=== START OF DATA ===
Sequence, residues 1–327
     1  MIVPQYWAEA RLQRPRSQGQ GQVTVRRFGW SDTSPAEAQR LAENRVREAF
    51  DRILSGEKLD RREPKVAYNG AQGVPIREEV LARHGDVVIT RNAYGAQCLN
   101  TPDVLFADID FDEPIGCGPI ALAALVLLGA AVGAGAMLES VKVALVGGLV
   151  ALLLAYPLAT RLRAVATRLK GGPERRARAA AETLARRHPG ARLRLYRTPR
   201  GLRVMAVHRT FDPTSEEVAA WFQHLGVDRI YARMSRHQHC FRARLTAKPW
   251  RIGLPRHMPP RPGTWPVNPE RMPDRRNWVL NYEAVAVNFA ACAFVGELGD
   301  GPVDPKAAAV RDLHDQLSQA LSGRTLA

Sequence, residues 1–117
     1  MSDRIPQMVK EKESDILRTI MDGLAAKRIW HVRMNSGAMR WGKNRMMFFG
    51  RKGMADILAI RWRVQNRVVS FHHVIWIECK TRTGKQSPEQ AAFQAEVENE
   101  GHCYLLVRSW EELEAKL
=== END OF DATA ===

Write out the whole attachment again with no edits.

Sequence, residues 1–327
     1  MIVPQYWAEA RLQRPRSQGQ GQVTVRRFGW SDTSPAEAQR LAENRVREAF
    51  DRILSGEKLD RREPKVAYNG AQGVPIREEV LARHGDVVIT RNAYGAQCLN
   101  TPDVLFADID FDEPIGCGPI ALAALVLLGA AVGAGAMLES VKVALVGGLV
   151  ALLLAYPLAT RLRAVATRLK GGPERRARAA AETLARRHPG ARLRLYRTPR
   201  GLRVMAVHRT FDPTSEEVAA WFQHLGVDRI YARMSRHQHC FRARLTAKPW
   251  RIGLPRHMPP RPGTWPVNPE RMPDRRNWVL NYEAVAVNFA ACAFVGELGD
   301  GPVDPKAAAV RDLHDQLSQA LSGRTLA

Sequence, residues 1–117
     1  MSDRIPQMVK EKESDILRTI MDGLAAKRIW HVRMNSGAMR WGKNRMMFFG
    51  RKGMADILAI RWRVQNRVVS FHHVIWIECK TRTGKQSPEQ AAFQAEVENE
   101  GHCYLLVRSW EELEAKL